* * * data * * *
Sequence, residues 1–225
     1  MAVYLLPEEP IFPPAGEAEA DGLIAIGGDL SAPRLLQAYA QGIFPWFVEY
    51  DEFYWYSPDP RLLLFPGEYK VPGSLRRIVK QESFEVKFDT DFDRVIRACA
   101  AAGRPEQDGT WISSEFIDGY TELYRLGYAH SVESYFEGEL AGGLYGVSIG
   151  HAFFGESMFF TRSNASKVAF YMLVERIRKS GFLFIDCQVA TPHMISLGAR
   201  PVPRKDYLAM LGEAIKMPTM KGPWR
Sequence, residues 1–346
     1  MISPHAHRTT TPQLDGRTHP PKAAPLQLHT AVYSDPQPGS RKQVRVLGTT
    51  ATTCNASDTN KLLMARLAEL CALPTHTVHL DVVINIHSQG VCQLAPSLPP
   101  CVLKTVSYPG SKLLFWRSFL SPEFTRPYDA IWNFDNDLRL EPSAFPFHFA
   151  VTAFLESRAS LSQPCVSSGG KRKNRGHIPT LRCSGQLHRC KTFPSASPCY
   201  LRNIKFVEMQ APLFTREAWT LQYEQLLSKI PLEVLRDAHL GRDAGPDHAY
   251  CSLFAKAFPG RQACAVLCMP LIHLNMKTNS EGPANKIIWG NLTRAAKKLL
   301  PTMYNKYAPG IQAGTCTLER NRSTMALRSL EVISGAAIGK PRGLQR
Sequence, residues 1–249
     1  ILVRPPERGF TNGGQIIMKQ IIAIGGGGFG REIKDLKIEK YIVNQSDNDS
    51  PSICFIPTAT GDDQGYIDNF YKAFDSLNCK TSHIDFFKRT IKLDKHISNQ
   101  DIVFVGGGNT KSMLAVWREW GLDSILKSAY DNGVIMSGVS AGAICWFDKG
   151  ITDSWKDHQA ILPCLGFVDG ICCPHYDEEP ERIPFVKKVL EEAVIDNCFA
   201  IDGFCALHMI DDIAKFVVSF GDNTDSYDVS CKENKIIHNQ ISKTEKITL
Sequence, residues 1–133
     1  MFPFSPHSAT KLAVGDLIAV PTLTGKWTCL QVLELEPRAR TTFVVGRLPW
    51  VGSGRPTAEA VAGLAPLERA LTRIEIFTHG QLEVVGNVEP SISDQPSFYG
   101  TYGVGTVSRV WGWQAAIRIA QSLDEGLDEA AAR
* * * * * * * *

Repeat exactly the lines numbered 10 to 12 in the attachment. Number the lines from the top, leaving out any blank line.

   101  CVLKTVSYPG SKLLFWRSFL SPEFTRPYDA IWNFDNDLRL EPSAFPFHFA
   151  VTAFLESRAS LSQPCVSSGG KRKNRGHIPT LRCSGQLHRC KTFPSASPCY
   201  LRNIKFVEMQ APLFTREAWT LQYEQLLSKI PLEVLRDAHL GRDAGPDHAY